DUBLIN -- Drug-sniffing dogs are returning to Dublin middle and high schools to deter students from bringing alcohol, drugs or weapons on campus.

The dogs, however, are not from the Alameda County sheriff's unit as first planned a year ago.

The Dublin Unified School District decided this year to contract with a large company that specializes in using "people friendly" dogs to sniff out illegal and prescription drugs and alcohol -- not just the illegal drugs that police dogs focus on.

The first dog from Interquest Detection Canines sniffed around Wells Intermediate School last week.

Under an agreement, the school district will pay Interquest a total of $1,300 for dog and dog handler visits during the rest of the school year.

"The purpose isn't to catch kids, but to send a strong message not to bring drugs and alcohol to campus," said Amy Miller, a Dublin school board member.

Castro Valley schools also use Interquest.

The Dublin school system cut out the canine checks in 2007 during sharp budget cuts, but the board decided in March 2012 to bring back the dogs.

School officials initially said they planned to have Dublin's police agency -- Alameda County Sheriff's Office -- perform the service for free with their dogs and handlers.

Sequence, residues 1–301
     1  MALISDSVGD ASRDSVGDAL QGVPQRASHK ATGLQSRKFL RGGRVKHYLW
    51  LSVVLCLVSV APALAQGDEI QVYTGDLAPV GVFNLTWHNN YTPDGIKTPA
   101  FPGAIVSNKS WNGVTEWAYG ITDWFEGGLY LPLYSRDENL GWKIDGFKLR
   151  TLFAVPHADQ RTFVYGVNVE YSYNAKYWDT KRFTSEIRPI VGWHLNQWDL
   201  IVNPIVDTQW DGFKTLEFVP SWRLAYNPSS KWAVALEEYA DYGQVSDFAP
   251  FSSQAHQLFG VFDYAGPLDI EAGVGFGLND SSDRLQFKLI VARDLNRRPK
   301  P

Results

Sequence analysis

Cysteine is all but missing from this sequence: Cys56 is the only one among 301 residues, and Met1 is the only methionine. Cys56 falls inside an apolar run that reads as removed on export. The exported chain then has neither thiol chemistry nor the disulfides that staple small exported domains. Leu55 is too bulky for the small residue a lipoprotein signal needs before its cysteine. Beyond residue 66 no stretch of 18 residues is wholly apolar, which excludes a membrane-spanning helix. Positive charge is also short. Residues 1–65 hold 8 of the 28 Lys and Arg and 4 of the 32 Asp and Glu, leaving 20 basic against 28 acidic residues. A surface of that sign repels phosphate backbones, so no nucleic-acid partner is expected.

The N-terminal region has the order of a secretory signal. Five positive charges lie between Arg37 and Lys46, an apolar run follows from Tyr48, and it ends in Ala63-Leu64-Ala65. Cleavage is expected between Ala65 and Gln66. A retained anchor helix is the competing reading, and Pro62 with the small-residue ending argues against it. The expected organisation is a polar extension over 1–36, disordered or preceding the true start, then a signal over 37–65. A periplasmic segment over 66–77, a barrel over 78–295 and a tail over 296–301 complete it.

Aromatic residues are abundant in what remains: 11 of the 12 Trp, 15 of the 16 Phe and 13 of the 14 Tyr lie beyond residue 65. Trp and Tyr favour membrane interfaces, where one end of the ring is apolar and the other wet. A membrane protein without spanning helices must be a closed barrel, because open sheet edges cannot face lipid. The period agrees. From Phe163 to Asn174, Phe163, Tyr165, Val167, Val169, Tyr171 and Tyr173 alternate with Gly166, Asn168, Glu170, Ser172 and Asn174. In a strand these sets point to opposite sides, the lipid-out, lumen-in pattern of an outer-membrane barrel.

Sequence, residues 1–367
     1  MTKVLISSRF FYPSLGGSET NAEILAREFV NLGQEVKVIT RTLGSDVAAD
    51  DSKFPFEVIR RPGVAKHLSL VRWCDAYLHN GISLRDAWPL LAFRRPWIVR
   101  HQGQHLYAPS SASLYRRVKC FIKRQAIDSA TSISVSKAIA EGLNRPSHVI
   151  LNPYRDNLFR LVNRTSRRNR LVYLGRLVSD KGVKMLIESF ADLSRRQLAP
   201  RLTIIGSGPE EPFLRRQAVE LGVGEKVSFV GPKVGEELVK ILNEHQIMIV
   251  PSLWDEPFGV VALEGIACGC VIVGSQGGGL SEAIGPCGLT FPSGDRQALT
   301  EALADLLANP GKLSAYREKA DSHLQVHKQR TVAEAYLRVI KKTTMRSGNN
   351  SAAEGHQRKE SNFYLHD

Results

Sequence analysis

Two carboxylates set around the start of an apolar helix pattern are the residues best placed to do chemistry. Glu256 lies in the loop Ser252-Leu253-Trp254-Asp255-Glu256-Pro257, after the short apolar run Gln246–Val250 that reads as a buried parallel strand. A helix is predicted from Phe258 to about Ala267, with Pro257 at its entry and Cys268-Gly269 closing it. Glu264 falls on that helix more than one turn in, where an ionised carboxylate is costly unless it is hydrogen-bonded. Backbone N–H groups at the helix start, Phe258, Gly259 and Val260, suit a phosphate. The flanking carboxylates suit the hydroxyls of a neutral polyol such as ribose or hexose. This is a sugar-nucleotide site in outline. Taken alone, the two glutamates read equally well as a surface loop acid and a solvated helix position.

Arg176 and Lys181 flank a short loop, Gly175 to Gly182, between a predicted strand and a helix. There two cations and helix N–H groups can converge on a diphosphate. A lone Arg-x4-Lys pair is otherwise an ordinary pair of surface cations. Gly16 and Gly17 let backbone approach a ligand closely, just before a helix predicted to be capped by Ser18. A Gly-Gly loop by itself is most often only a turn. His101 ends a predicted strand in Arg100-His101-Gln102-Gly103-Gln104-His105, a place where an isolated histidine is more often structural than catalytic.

But Dublin school officials balked because the Sheriff's office wanted a "hold harmless" clause shielding the agency from liability in case a police dog injured someone, said Stephen Hanke, the Dublin schools superintendent.

"That would have exposed us to open-ended liability," Hanke said. "We didn't think that was wise."

The Interquest dogs, he said, are very "student friendly" and gentle yet efficient in sniffing out contraband.

The dogs will visit Dublin High School, Valley High continuation school, and Wells and Fallon middle schools.

Lockers will be checked at campuses with lockers, and parking lots will be checked at campuses to which students drive. Dublin High has no lockers but does have student parking.

The drug canines will not check classrooms this school year because ground rules for the visits have yet to be worked out between the district and Interquest.

According to a 2012 survey of Dublin school students, 39 percent of 11th grade students said they had gotten high on drugs at some time; 54 percent had drunk alcohol and 42 percent had smoked marijuana.

When the dogs sniff contraband, they sit in place. School officials will handle any discipline, officials said.

Contact Denis Cuff at 925-943-8267. Follow him at Twitter.com/deniscuff.